Cellular senescence of the cells from A431 cells exposed with conditioned 3D matrix for 4 days was analyzed by pH 6.0-dependent β-galactosidase expression a marker for senescence along with senescent related morphology (5). After the cells were exposured with conditioned 3D matrix for 4 days, cells were washed twice with PBS, fixed with 0.2% glutaraldehyde for 15 min, washed with PBS and then incubated with staining solution (1 mg/ml 5-bromo-4- chloro-3-indolyl-bDgalactosidase in dimethylformamide, 5 mM potassium ferrocyanide, 5 mM potassium ferricyanide, 150 mM NaCl, 40 mM citric acid/sodium phosphate, pH 6.0, and 2 mM MgCl2). Following overnight incubation at 37℃, the cells were washed twice with PBS, and photographed under a light microscope.

RESULTS

The ES-Preconditioned Microenvironment Induces Morphological Changes

In previous study, ES-preconditioned microenvironment altered the cancer cell properities in human melanoma cells (11). We modified the 3-D-matrigel matrix culture model using ES cell (TT2 mouse ES cell)-preconditioned matrigel matrix (18) and used same method as before we published (11). An approximate 0.5-cm thickness of matrigel was prepared and a single suspension of ES cells was seeded onto the matrigel. The cells were maintained with ES culture medium for 4 days and then the medium was removed. This is designated as ES-preconditioned matrigel (ES-matrigel). Single cell suspensions of A431 cells were seeded onto the ES-matrigel with complete growth medium and cultured for 4 days. We observed a significant inhibition of A431 cell growth when cells were cultured on ES- matrigel compared with control (Ctr)-matrigel (Fig. 1). To determine whether this morphological change is related to cell viability, we performed trypan blue staining. The results showed no significant difference in viability between cells cultured on Ctr- or ES-matrigel, suggesting that the ES-matrigel matrix doesn’t affect cancer cell viability (Fig. 2). Also we count total cell number of A431 cells cultured in Ctr- or ES-matrigel. The results showed ES-matrigel reduced cell proliferation (Fig. 3(A)). On the basis of these data, we investigated cell cycle progression at this time point. The ES microenvironment consistently increased the number of cells in the G1/G0 cell cycle phase and suppressed the S and G2/M cell cycle phases compared with control (Fig. 3(B)). Therefore, the ES-preconditioned microenvironment seems to alter A431 cell morphology and reduced cell proliferation without affecting viability.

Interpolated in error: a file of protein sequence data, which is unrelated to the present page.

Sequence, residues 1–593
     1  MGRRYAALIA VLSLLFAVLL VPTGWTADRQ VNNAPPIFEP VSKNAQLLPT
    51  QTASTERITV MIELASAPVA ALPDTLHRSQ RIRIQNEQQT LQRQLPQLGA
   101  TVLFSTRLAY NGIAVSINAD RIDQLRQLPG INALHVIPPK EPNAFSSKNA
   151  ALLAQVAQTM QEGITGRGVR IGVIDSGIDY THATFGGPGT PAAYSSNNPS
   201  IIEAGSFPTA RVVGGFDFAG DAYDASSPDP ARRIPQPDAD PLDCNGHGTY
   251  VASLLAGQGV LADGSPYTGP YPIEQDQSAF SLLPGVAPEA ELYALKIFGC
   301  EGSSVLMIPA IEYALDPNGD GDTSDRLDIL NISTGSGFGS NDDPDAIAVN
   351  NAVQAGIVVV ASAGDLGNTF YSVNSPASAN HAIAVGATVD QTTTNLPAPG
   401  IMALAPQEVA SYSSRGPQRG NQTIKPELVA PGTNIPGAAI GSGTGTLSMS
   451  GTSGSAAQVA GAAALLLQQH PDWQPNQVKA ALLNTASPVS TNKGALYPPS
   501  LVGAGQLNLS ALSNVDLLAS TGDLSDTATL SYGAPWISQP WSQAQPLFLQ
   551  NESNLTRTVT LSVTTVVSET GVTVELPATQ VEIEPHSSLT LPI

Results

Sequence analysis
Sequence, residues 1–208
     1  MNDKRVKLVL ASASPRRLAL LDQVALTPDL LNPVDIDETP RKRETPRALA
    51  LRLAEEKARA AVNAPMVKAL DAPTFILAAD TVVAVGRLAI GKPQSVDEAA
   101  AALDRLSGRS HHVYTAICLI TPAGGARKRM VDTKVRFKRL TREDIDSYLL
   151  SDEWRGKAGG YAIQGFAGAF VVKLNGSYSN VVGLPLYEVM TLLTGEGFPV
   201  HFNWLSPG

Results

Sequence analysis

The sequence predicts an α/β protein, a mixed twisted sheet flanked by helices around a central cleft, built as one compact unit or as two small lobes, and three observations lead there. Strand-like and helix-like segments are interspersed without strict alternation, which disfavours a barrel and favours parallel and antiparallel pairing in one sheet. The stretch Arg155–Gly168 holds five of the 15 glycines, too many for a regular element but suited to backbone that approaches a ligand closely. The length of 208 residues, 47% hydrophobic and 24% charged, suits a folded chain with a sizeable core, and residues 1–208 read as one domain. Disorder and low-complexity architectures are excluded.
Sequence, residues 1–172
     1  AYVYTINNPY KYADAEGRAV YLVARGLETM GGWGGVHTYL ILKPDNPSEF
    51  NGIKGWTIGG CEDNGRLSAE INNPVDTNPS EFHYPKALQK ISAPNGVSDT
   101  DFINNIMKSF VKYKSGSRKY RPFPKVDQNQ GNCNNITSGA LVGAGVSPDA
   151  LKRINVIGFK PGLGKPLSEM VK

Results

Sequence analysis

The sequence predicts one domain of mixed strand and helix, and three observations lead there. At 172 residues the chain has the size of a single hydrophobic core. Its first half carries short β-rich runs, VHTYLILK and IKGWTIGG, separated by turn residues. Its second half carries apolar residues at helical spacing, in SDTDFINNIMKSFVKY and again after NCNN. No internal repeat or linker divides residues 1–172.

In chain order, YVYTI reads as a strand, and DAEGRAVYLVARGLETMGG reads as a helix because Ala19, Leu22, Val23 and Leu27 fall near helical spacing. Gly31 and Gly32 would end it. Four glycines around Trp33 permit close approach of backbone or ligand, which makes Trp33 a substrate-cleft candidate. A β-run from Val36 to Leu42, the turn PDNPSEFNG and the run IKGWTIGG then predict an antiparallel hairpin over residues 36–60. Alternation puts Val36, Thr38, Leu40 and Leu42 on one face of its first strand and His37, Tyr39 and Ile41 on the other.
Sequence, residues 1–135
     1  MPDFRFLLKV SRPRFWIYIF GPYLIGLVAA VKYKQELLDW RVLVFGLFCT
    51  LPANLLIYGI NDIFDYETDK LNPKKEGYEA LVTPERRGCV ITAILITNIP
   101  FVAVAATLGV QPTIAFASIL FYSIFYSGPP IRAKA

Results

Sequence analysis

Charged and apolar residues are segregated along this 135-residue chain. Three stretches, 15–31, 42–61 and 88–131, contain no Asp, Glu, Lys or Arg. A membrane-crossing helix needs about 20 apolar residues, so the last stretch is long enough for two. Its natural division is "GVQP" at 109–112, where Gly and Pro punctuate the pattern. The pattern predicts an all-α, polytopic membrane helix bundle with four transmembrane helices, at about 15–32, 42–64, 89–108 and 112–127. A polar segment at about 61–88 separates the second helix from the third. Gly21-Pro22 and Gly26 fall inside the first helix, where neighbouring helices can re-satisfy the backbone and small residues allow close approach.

Figure 1. The microenvironment of mouse embryonic stem cells induces shrunk colony formation (A-B). A431 cells were showed the normal colony formation on the Matrigel Matrix (A), small and shrunk colony formation on the ES conditioned Matrigel Matrix (B).